ties, information about hunting grounds has not been
updated. As the Autonomous Communities began to
implement their own hunting legislation by the be-
ginning of the 1990s, they introduced new classifi-
cations of hunting grounds in their territories. Nowadays
the amount of hunting ground denominations in Spain
exceeds 40, a large increase from the ten denomina-
tions established in the previous national hunting legis-
lation (Ley 1/1970, de 4 de abril, de Caza and Decreto
506/1971, de 25 de marzo). The analysis of hunting
areas is further complicated because different hunting
ground denominations with the same hunting arrange-
ments have been found, as well as the opposite situation.
The classification of hunting grounds in the most
recent database of the AEF (2006 and 2007) already
takes into account the new types of terrain that have
appeared as a result of the enactment of the regional
legislation on hunting. However, the classification
adopted in the AEF is not entirely accurate. Thus, this
146 M. Martinez-Jauregui et al. / Forest Systems (2011) 20(1), 139-150
complex situation should be clarified by developing a
means of clarifying the relationships among all of the
different types of hunting ground denominations
currently existing in the country.
Apart from conceptual problems derived from the
inadequate clustering of current hunting lands, it is im-
possible to combine the former hunting ground data
(that existed before the transfer of legal responsibility
for hunting to the Autonomous Communities) with new
data (available in AEF). This is because some of the
new hunting ground denominations in some Autono-
mous Communities legislation encompass several of
the former national legislation denominations (Ley
1/1970, de 4 de abril, de Caza and Decreto 506/1971,
de 25 de marzo). For example, the current definition
of a private hunting state in Andalucía (coto privado
de caza) includes those areas classified in the former
national legislation under private, social, local and
national states.
One final problem that we detected is the lack of
data on hunting grounds for some Autonomous Commu-
nities or provinces in recent years. We identified this
problem in Galicia, Navarra and Almería in 2005, Va-
lencia and Navarra in 2006, and Toledo, Lugo, Ponte-
vedra and Vizcaya in 2007.
Harvest estimates
Until 2005, harvest estimates of game animals in
Spain were only specified for deer, wild boar, hare,
rabbit, partridge, and quail, as they were the main game
species in the country at the beginning of the seventies.
Harvests of other game species appeared grouped
under designations such as «other big-game», «other
game smaller mammals» and «other game birds». This
has been an important limitation because in the period
1972-2003, other species as roe deer or Spanish ibex
gained greater economic and social importance in Spain.
Although separate harvest information is now provided
for a larger number of game species, data at national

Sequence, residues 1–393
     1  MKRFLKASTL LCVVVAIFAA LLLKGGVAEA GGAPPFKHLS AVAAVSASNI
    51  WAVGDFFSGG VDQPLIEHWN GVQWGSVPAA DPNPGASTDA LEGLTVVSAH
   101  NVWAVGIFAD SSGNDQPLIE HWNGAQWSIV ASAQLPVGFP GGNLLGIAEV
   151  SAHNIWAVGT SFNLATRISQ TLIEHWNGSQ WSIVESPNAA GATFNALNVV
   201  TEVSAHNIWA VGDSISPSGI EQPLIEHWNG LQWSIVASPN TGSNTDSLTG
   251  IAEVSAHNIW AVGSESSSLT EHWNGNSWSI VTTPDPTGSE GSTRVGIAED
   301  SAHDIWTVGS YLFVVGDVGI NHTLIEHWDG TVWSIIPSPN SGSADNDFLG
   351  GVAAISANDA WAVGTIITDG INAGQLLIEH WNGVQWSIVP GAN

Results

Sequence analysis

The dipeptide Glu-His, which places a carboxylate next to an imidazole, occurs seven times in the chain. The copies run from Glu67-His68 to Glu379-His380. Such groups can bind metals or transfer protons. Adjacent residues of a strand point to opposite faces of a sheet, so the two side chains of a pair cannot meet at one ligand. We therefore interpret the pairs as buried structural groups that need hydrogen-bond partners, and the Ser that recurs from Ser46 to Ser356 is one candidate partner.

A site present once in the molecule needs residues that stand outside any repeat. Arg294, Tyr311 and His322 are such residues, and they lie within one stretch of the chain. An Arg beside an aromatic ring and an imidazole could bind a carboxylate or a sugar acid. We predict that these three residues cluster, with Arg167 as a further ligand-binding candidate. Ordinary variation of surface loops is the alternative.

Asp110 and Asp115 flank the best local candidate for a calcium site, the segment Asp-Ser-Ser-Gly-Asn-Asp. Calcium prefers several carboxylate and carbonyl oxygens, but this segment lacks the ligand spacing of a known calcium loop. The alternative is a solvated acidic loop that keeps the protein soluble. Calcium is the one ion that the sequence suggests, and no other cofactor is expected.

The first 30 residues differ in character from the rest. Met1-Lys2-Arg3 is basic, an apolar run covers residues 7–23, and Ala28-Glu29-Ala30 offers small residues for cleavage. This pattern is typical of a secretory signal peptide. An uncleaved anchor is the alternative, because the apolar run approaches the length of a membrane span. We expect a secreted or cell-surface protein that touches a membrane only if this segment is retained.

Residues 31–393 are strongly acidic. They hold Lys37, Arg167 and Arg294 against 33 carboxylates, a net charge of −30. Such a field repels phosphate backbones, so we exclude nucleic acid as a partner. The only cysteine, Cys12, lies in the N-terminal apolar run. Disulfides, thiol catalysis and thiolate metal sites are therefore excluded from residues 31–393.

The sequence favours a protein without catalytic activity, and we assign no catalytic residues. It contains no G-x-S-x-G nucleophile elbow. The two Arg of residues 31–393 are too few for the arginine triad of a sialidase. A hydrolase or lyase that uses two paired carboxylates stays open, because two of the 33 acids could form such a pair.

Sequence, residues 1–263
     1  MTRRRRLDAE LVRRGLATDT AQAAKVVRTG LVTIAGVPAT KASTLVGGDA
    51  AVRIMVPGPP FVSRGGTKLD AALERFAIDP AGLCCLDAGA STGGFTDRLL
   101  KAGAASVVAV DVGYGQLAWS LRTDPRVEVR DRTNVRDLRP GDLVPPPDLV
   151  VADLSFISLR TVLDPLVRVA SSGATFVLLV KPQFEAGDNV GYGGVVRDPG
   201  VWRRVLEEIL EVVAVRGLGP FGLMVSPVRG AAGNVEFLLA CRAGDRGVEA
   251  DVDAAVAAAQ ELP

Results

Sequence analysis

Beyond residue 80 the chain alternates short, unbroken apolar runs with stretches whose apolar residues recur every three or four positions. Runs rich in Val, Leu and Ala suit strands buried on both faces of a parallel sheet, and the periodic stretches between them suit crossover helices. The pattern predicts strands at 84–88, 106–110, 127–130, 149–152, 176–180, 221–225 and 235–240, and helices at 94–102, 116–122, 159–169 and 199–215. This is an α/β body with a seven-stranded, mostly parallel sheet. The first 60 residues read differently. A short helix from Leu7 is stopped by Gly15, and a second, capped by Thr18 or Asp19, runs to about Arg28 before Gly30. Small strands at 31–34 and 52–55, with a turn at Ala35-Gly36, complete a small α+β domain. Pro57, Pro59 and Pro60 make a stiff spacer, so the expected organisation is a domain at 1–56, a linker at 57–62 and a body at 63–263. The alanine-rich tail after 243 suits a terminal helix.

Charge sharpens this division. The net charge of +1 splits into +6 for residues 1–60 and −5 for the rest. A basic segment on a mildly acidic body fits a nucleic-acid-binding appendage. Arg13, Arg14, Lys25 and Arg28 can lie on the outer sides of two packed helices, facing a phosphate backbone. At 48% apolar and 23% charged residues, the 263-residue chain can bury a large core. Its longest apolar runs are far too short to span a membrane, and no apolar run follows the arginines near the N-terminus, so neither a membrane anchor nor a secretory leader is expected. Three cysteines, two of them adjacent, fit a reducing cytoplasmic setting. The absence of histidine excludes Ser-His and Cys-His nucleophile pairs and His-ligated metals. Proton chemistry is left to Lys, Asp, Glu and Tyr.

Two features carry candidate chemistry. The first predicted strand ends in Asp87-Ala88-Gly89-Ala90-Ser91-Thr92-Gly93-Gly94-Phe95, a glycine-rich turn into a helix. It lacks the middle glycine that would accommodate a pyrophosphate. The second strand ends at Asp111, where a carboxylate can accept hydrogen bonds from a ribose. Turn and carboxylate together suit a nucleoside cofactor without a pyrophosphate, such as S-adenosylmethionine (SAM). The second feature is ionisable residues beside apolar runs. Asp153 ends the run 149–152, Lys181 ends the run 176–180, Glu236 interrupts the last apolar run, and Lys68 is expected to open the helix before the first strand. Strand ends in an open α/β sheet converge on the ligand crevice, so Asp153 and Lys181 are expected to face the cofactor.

scale provided in the AEF appear to be reliable only
for 2005, as in the two following years important errors
have been identified. For example, in 2006 there was
a lack of data on game animals shot in the Autonomous
Community of Andalucía, one of the most relevant
hunting communities in the country. Harvest figures
for Andalucía from 2006 were apparently added to next
year’s harvest figures in the 2007 edition of AEF. Another
statistical limitation regarding game species is the lack
of demographic information concerning big-game ani-
mals. Information about the percentage of males, fema-
les and calves shot is provided in the official hunting
statistics in other European countries such as the Na-
tional Office of the Chasse et Faune Sauvage of France
or the Hungarian Game Management Database in Hun-
gary (Milner et al., 2006). The cost of compiling this
information in Spain should be low; every Autonomous
Community already has access to this information
because a mandatory report of harvest is required to
manage hunting grounds.
Regarding other variables that characterized game
animals, we found that carcass weight is heterogeneous
between provinces and often varies greatly in certain
years. For example, in 2005 low big-game carcass weight
values could not be justified by unfavorable weather
conditions.
Information about the quality (size and beauty) of
big-game trophies is published regularly in the national
catalogues of game trophies. However, trophy evalua-
tion is a voluntary formality on the part of hunters, so
not all of the trophies of high quality are necessarily
evaluated and recorded. On the other hand, a positive
feature of trophy statistics is that they include all big-
game hunting species.
The value of game meat recorded in the official
Spanish statistics refers to the value at the hunting
ground level of the meat from game animals shot. It is
not clear whether the figures provided exclude the meat
from game animals shot and used for self-consump-
tion. In addition, it is unknown if the price attached to
each kilogram of meat is a real market price or a price
estimated by expert staff, although it seems more likely
to be the latter. Anomalies found in the carcass weight
statistics (already explained above) may also affect
game meat value data.